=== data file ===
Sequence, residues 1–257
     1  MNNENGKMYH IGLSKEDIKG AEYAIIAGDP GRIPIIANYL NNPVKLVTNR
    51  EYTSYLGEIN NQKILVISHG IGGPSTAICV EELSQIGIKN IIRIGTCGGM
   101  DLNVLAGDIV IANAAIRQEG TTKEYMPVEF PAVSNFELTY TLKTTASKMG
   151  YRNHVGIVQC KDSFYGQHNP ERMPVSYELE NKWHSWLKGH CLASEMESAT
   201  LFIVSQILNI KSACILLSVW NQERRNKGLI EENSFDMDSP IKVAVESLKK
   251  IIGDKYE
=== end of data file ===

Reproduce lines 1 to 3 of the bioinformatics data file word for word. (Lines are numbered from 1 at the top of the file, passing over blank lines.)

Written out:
Sequence, residues 1–257
     1  MNNENGKMYH IGLSKEDIKG AEYAIIAGDP GRIPIIANYL NNPVKLVTNR
    51  EYTSYLGEIN NQKILVISHG IGGPSTAICV EELSQIGIKN IIRIGTCGGM